It is a further object of the present invention to provide a structural insulated panel for building construction which has high dimensional stability over a wide range of various environmental parameters.
The present invention contemplates an insulated structural panel comprising a generally flat insulating core having first and second opposed generally planar surfaces; a first outer facing attached to the first surface of the insulating core and comprised of oriented strand board incorporating a polyisocyanurate or urethane resin; and a second outer facing attached the second surface of the insulating core and comprised of gypsum fiberboard incorporating fiber reinforcing particles.
The appended claims set forth those novel features which characterize the invention. However, the invention itself, as well as further objects and advantages thereof, will best be understood by reference to the following detailed description of a preferred embodiment taken in conjunction with the accompanying drawings, where like reference characters identify like elements throughout the various figures, in which:
FIG. 1 is a perspective view of a structural insulated panel in accordance with one embodiment of the present invention
FIG. 2 is a sectional view of the structural insulated panel shown in FIG. 1 taken along sight line 2—2 therein;
FIG. 3 is a perspective view of a structural insulated panel in accordance with another embodiment of the present invention; and
FIG. 4 is a sectional view of the structural insulated panel shown in FIG. 3 taken along sight line 3—3 therein.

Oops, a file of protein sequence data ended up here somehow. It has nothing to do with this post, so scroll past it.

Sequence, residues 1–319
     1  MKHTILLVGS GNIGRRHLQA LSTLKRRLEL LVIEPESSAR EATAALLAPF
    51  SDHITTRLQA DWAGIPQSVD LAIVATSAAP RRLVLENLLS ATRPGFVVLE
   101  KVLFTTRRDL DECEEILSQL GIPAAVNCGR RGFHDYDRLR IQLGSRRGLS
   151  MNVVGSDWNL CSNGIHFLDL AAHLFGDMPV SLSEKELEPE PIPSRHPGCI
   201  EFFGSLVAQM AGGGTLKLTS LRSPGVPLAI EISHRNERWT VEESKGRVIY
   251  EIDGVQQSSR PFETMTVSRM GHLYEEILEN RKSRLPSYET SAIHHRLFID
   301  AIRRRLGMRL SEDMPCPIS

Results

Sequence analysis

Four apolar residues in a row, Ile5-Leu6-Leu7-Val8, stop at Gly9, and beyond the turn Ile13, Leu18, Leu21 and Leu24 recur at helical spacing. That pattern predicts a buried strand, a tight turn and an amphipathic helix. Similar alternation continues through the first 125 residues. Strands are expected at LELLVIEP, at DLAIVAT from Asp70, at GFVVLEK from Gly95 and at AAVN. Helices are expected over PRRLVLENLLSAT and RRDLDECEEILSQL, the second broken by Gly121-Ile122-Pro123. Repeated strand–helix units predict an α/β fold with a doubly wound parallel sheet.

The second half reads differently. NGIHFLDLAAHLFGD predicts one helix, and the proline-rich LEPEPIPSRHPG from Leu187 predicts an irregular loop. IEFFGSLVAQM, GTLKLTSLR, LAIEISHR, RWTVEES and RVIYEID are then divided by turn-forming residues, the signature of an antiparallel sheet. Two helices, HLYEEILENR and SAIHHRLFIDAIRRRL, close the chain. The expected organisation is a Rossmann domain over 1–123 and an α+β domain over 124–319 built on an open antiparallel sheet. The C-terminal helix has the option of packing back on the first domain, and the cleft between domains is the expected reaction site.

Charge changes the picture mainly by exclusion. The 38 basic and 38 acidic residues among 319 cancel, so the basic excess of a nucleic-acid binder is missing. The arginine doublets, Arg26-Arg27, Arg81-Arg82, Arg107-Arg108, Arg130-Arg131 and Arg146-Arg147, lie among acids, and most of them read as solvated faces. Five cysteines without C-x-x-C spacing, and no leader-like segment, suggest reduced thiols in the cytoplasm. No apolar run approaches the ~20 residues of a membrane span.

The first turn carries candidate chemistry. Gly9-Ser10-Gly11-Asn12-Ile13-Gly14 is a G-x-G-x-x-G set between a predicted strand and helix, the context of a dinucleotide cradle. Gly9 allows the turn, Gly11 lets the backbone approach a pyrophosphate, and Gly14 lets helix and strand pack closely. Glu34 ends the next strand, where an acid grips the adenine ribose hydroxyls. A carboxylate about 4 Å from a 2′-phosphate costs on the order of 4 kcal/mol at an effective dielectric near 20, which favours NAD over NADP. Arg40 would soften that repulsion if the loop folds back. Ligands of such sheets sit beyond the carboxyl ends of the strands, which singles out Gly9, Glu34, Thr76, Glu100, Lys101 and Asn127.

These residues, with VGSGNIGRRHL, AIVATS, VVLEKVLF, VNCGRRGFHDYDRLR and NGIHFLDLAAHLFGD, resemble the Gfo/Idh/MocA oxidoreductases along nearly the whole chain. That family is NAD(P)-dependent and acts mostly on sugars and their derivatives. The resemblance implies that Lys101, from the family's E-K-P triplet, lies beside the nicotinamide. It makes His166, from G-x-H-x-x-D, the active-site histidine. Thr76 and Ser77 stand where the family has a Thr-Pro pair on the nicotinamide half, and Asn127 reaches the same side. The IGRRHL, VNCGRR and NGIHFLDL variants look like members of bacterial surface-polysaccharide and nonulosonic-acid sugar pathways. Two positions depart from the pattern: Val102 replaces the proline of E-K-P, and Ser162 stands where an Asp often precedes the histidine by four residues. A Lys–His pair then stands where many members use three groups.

Referring to FIG. 1, there is shown a perspective view of a structural insulated panel 10 in accordance with one embodiment of the present invention. A sectional view of the structural insulated panel 10 shown in FIG. 1 taken along sight line 2—2 therein is shown in FIG. 2.
Structural insulated panel 10 includes first and second outer facings 12 and 16 disposed on opposed outer surfaces of a generally planar insulating inner core 14. Structural insulated panel 10 is shown as generally rectangular in shape, but may take on virtually any of the more common shapes assumed by structural panels in building construction. Insulating inner core 14 is preferably comprised of a plastic foam such as expanded polystyrene or urethane and is securely affixed to first and second outer facings 12, 16. Adhesive layers 18 and 20 may be used to securely affix the first and second outer facings 12, 16 to the opposed outer surfaces of the panel's insulating inner core 14. Adhesive layers 18, 20 are comprised of any of the more common adhesive materials such as urethane cement, a polyisocyanurate binder, mastic, or glue. At least one of the outer facings is comprised of oriented strand board (OSB) impregnated with a resin binder such as polyisocyanurate or urethane resin. The other outer facing is preferably comprised of gypsum fiberboard. Thus, in FIGS. 1 and 2 the first outer facing 12 is comprised of OSB impregnated with a polyisocyanurate or urethane resin, while the second outer facing 16 is comprised of gypsum fiberboard.